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Christopher Phillips worked for years as a journalist, writing about “unsung heroes” for Parade and other publications. But profiling do-gooders left him with the nagging sense that he should do more himself. And too many nights on the road, observing the habits of his fellow citizens, left the Alexandria resident with the feeling that American discourse “has gone by the wayside.”
“I was struck by the idea that we were all becoming islands unto ourselves,” says Phillips, in a phone interview that sometimes takes the tone of a sermon. “Like MSNBC: He who talks loudest, winswhich I thought was anathema to a participatory democracy….Even a cursory study of the history of great civilizations shows that they crumble from within. They don’t need an outside aggressor.
“We have a sort of attenuated democracy here,” he continues. “So I thought, What can I do to remedy this?” Inspired by his mother, who raised him on the principles of Socratic dialogue, Phillips held his first Socrates Café in 1996. For the past five years, he has traveled across the country, fostering exchanges in diverse quarters including schools, libraries, nursing homes, churches, hospices, prisons, and, of course, coffeehouses.
Each Socrates Café brings people together to discuss a question posed by a facilitator. Participants look at the question from all sides, break it down into its simplest elements, and draw on each others’ opinions, experiences, and knowledge to find answersor at least more questions.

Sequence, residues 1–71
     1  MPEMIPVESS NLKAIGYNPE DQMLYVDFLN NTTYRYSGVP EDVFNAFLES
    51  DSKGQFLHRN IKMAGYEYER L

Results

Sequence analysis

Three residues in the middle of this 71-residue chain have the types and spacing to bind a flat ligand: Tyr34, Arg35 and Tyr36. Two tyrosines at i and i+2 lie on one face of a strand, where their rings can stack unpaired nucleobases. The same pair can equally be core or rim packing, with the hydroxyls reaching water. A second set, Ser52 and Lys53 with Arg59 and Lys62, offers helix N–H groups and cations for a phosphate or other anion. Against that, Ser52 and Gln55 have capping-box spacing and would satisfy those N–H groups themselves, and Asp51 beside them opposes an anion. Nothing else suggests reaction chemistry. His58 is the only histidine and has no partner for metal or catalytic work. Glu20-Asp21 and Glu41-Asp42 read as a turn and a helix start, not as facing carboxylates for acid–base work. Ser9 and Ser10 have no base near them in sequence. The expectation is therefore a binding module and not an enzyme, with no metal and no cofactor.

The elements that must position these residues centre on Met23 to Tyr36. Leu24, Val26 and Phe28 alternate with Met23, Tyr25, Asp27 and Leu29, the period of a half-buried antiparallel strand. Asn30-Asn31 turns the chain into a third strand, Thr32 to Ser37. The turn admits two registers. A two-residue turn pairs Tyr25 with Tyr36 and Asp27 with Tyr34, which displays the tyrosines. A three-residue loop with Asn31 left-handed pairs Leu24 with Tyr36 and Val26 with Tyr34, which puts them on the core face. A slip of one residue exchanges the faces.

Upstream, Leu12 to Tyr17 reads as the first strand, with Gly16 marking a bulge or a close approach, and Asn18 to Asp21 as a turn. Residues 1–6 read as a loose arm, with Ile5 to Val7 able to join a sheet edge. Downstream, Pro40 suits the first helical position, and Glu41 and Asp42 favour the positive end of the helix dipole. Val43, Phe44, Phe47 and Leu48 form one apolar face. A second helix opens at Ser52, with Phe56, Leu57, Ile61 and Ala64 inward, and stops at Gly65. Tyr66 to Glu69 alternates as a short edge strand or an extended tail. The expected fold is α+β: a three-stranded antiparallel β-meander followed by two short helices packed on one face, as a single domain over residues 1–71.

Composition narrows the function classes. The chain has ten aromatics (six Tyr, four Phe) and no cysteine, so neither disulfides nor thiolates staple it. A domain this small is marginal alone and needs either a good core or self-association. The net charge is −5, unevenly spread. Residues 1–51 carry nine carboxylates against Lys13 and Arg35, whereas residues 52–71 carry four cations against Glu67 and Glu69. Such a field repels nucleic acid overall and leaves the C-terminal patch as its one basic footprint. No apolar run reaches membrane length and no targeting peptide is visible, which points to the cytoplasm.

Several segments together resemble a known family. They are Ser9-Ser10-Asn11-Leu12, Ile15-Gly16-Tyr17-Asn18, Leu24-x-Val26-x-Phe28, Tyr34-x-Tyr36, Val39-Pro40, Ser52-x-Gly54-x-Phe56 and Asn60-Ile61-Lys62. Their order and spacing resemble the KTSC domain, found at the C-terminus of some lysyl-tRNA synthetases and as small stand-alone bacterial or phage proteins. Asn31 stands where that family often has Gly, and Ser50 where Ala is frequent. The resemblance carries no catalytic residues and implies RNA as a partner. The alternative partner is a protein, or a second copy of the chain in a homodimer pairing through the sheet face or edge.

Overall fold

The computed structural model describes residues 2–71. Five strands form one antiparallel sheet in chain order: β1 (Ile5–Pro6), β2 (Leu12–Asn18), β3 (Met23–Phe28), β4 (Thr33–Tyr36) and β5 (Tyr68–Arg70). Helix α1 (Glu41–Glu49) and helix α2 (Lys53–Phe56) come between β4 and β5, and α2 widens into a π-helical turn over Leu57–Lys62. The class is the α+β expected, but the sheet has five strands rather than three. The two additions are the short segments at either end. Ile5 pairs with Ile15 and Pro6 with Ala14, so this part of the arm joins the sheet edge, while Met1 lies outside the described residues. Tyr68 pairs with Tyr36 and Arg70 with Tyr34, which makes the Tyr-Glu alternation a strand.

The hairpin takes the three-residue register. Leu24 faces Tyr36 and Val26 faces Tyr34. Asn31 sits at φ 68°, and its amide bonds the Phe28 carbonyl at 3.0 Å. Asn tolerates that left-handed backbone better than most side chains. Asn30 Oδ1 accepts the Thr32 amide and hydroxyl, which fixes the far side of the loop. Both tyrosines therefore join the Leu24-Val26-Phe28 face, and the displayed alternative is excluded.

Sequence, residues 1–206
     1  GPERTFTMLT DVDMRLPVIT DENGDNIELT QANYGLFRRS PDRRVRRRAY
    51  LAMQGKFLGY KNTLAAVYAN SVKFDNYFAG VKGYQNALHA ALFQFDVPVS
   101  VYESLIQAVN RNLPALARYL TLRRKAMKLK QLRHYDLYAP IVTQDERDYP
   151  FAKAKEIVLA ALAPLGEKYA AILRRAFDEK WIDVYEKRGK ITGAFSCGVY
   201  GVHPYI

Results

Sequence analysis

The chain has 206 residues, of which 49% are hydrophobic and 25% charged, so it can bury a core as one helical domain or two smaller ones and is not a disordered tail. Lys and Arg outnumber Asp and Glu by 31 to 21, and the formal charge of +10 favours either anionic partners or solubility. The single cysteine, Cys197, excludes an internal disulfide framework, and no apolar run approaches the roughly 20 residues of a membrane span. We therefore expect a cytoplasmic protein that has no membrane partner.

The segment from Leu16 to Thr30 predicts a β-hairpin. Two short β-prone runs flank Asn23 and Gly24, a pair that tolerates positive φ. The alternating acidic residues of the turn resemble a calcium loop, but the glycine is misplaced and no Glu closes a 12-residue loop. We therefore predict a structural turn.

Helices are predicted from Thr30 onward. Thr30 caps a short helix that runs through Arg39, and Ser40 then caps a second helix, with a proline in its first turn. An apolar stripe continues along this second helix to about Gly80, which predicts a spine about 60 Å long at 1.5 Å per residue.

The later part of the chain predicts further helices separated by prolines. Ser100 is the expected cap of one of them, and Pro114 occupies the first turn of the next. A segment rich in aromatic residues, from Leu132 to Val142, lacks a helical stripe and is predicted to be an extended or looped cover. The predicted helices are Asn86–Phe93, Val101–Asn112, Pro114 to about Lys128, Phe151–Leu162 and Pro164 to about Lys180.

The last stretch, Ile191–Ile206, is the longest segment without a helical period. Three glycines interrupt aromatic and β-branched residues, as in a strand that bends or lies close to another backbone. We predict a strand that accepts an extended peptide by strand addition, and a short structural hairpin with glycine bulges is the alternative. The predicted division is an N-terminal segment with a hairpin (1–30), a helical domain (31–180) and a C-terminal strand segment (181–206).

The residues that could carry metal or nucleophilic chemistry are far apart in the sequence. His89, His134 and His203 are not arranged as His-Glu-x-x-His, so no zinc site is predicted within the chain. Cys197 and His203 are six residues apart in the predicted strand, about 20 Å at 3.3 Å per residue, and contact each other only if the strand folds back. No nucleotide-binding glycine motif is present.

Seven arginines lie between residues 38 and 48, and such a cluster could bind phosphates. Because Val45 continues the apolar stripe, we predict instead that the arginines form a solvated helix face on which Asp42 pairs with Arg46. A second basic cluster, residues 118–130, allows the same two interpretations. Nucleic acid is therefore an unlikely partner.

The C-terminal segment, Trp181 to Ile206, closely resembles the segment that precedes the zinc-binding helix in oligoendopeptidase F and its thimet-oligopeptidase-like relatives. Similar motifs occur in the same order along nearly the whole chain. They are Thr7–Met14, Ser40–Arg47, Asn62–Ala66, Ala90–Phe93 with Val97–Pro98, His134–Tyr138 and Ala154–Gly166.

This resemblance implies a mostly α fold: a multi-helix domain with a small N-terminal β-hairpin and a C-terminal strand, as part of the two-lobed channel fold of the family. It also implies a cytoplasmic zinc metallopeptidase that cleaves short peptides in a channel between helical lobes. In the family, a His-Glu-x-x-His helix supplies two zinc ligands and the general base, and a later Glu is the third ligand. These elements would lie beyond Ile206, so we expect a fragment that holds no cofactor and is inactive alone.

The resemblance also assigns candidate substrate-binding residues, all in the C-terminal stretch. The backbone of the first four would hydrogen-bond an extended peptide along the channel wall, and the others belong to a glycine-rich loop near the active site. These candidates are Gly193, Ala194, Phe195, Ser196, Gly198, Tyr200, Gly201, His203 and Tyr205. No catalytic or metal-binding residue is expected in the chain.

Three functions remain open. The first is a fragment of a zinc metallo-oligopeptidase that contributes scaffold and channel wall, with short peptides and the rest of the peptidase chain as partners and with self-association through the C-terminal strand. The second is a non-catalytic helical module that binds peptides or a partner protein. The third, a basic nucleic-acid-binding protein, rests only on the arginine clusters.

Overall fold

Although Phillips still plays “the Johnny Appleseed of philosophy” by hosting cafes around the country, he is now only one of a number of facilitators. (“I didn’t want it to become the Chris Phillips Show,” he says.) To spread the word, he founded the nonprofit Society for Philosophical Inquiry in 1997. The organization’s Web site (www.philosopher.org) explains how to start and to facilitate a Socrates Café, lists ongoing cafes nationwide (now more than 50), and carries a boldfaced statement repudiating any ties with “certification programs”: “Those who aspire to engage in philosophical inquiry in a meaningful and fruitful way with the public do not need a certificate, or a formal background, or a superfluous titlein fact, sometimes titles and pedigrees
can be impediments to good philosophizing.”
Phillips’ work is unpaid, but along the way it has gained him a wife (she was the sole attendee at an early cafe in Montclair, N.J.) and a couple of book contracts. He is currently touring to promote Socrates Café: A Fresh Taste of Philosophy. Already in its fifth printing, it interweaves re-creations of Socrates Cafés, accounts of Phillips’ own journey toward enlightenment, and simple descriptions of the ideas of philosophers.
Some of Phillips’ most insightful dialogues have taken place at prisons. “The first dialogue I held in a prison, with 70 inmates…it was supposed to go for 45 minutes,” he says. “It went for two hours.” Phillips describes the prison group, which discussed the meaning of wisdom, as “breathtakingly diverse. They had obviously examined their lives. In many ways, they were freer than many people on the outside.” Pamela Murray Winters